Should I still attend medical appointments?
If you have a scheduled medical appointment then it is important that you contact your hospital to check whether you should still attend.
The British Society for Rheumatology has advised clinicians to consider the feasibility of providing remote consultations and implement this where appropriate to reduce the need for patients to attend face-to-face appointments. This includes telephone clinics where your doctor or nurse specialist may call you rather than see you in the hospital clinic. Different hospitals are drawing up separate plans so it is important that you check what your local rheumatology department are doing before travelling to your appointment.
Do I need to stay home from work/school and avoid public places?
UK officials have announced that people aged over-70 or with significant health conditions (including lupus) should self-isolate for a period of 12 weeks. It is therefore advised to stay home from work/school and avoid public places. It is not necessary to stay permanently within the home during this period (i.e. you can go for a walk) but it is recommended that you avoid contact with others.
Do I need to avoid public places?
Following the emergency Cobra meeting on Friday 12th March 2020 additional measures on delaying the spread of the virus were announced.
It has been recommended that older people and those with pre-existing health conditions (including lupus) should not go on cruises.
UK officials announced that it is currently premature to advise people with underlying health conditions to take further preventative actions such as staying away from work, school and other public places. This guidance may change as the situation develops.
You only need to stay away from public places (self-isolate) if you have symptoms of coronavirus (COVID-19) infection, however mild, or have been advised to by the 111 online coronavirus service or a medical professional.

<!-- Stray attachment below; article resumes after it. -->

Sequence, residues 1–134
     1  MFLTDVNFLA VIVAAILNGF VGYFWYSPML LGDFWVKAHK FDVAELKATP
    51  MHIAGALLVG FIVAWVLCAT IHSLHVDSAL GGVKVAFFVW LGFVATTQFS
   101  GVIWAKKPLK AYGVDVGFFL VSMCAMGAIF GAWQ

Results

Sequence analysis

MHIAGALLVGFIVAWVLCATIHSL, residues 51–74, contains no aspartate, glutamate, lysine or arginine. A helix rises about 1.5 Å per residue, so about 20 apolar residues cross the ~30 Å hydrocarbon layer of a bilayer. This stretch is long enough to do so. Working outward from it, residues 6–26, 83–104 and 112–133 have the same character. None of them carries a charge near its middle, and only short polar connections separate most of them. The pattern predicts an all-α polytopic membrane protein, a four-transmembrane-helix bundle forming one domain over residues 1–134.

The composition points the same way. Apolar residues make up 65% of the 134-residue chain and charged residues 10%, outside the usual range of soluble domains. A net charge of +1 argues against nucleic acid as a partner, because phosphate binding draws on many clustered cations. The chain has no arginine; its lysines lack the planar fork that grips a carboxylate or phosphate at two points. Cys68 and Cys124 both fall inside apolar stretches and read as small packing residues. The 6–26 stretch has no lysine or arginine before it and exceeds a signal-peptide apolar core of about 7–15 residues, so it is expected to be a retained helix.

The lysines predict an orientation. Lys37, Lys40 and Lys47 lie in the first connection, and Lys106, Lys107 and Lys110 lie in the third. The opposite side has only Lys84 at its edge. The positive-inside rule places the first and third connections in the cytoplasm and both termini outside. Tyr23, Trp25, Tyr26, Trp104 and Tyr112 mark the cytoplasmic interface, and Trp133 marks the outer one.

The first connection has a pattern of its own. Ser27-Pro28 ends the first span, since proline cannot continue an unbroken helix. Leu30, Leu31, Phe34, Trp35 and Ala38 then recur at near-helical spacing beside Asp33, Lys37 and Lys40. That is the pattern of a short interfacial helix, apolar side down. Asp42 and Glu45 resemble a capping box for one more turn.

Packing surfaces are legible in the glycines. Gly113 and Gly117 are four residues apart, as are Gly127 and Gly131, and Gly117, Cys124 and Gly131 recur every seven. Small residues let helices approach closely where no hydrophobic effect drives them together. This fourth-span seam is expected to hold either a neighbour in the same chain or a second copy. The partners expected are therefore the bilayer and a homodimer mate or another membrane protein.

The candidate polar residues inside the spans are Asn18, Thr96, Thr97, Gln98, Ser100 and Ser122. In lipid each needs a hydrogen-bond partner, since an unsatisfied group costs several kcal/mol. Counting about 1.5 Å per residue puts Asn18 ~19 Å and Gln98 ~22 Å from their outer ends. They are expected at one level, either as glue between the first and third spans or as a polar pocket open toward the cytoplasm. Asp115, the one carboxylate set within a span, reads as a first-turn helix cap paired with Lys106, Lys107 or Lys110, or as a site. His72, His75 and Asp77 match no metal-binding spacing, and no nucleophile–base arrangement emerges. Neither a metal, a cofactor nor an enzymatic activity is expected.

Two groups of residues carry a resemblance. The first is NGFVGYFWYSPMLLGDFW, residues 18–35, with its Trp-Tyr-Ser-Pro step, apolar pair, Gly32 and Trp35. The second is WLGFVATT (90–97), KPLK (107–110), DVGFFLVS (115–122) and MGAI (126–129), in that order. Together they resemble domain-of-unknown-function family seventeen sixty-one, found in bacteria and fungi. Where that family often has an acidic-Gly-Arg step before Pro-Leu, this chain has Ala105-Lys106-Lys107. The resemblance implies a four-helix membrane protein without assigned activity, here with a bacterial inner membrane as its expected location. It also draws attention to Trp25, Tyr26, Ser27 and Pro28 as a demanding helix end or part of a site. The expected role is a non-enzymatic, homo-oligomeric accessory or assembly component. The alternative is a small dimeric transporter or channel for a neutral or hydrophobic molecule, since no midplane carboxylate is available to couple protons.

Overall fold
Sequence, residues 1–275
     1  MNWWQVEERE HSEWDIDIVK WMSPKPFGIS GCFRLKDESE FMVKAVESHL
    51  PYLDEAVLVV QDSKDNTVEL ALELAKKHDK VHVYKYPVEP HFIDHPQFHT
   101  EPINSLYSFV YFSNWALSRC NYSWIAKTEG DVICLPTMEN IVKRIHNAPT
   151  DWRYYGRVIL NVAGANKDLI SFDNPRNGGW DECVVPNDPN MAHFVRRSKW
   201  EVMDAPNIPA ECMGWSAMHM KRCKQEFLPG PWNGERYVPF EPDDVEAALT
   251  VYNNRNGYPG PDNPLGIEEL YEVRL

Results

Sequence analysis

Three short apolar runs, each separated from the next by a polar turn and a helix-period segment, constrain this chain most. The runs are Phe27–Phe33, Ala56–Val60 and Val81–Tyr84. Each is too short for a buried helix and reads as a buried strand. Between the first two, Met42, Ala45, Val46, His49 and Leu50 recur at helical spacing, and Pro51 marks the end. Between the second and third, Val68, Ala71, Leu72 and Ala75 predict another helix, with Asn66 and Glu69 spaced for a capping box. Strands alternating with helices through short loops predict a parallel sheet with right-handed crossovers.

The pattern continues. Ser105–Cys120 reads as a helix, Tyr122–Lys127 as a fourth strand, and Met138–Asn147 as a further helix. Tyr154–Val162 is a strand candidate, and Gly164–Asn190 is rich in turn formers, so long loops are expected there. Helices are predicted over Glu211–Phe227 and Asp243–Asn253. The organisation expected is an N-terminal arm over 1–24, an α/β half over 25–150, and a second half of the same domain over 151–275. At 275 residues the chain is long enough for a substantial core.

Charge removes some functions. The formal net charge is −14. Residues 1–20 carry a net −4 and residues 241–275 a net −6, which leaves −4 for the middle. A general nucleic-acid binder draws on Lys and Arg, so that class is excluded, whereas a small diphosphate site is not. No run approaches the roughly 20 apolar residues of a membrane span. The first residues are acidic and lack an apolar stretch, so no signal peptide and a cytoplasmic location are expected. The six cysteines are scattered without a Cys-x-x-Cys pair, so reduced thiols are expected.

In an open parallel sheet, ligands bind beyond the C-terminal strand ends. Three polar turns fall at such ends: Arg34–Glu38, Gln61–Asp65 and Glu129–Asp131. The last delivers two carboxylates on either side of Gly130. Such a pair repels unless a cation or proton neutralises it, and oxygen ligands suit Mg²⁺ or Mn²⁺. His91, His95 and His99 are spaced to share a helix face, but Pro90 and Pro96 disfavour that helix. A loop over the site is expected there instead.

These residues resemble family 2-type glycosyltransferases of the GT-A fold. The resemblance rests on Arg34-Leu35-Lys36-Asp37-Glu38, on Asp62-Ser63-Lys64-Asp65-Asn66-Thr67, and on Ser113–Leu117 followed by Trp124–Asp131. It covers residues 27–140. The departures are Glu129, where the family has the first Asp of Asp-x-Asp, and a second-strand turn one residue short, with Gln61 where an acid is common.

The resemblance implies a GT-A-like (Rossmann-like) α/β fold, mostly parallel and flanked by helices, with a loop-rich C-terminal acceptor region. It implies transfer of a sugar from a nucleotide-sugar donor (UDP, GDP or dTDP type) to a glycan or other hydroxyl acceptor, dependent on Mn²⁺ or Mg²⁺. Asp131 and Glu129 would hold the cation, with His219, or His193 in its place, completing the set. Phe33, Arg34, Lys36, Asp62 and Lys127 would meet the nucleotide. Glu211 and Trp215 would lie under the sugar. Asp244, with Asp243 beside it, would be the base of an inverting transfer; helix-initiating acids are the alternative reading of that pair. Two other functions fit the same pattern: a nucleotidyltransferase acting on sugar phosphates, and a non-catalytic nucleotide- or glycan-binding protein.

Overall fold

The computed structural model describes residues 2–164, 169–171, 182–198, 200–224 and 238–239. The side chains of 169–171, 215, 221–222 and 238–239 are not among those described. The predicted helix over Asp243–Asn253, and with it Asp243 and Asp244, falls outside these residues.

I have a holiday booked, should I still go?
UK officials have announced that people aged over-70 or with significant health conditions (including lupus) should self-isolate for a period of 12 weeks. If you have a holiday booked during this time, it would be recommended not to travel.
If you are planning on travelling overseas, it is important to be aware that some countries are currently a higher risk for the virus than others. You can get the most up-to-date advice for overseas travel HERE.
It is important to bear in mind that the situation is changing rapidly and you could be subject to delays in your return journey. For this reason it is essential that you take additional supplies of your medication away with you. Further advice about taking medication on holiday can be found in our article HERE.
What do I do if I suspect I have symptoms of coronavirus?
NHS 111 has an online coronavirus service that can tell you if you need medical help and advise you what to do.
Use this service if:
– You think you might have coronavirus
– You’ve recently been to a country or area with a high risk of coronavirus
– You’ve been in close contact with someone with coronavirus
Getting help in Scotland, Wales or Northern Ireland
– Scotland: call your GP surgery or call 111 if your surgery is not open
– Wales: call 111 (if available in your area) or call 0845 46 47
– Northern Ireland: call 0300 200 7885
DO NOT go to a GP surgery, pharmacy or hospital. Call 111 if you need to speak to someone.
Also DO NOT make any changes to your prescribed lupus medications unless directed to do so by your lupus consultant.
If you have a new continuous cough OR a high temperature (37.8 degrees or higher), you should stay at home and self-isolate (see below) for at least 7 days from when your symptoms started.
If you or someone you live with presents with symptoms of the virus the entire household should self-isolate for at least 14 days.
If you are confirmed to have contracted coronavirus (COVID-19), you may be advised by your consultant to temporarily stop immunosuppressive medications until the infection has cleared. This should only be done in consultation with your rheumatology team.
You may also be advised to withdraw from anti-inflammatory medications (steroids and non-steroidal anti-inflammatories such as ibuprofen and naproxen) if you are confirmed to have contracted coronavirus (COVID-19) as they could increase the risk of complications from the virus. It is very important that you DO NOT stop your steroid dose suddenly. A reduction in oral steroids should always be under your doctor’s supervision.